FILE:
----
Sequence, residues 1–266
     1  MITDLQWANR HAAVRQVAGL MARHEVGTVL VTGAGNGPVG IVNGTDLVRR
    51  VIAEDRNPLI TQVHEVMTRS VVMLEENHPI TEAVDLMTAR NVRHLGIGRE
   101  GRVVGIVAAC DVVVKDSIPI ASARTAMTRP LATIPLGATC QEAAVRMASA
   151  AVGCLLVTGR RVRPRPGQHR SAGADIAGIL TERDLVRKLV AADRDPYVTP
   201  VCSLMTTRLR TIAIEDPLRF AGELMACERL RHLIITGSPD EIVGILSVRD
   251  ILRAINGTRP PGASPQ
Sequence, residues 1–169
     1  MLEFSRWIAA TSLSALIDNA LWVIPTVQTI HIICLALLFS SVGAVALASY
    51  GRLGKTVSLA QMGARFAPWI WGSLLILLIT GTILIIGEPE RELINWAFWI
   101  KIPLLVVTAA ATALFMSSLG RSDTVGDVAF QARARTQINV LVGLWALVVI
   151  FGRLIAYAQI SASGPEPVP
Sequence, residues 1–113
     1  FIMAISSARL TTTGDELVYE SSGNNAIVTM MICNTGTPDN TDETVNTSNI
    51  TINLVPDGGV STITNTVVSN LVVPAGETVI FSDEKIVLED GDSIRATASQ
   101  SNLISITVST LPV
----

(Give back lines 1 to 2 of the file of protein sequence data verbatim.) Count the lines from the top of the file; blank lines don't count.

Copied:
Sequence, residues 1–266
     1  MITDLQWANR HAAVRQVAGL MARHEVGTVL VTGAGNGPVG IVNGTDLVRR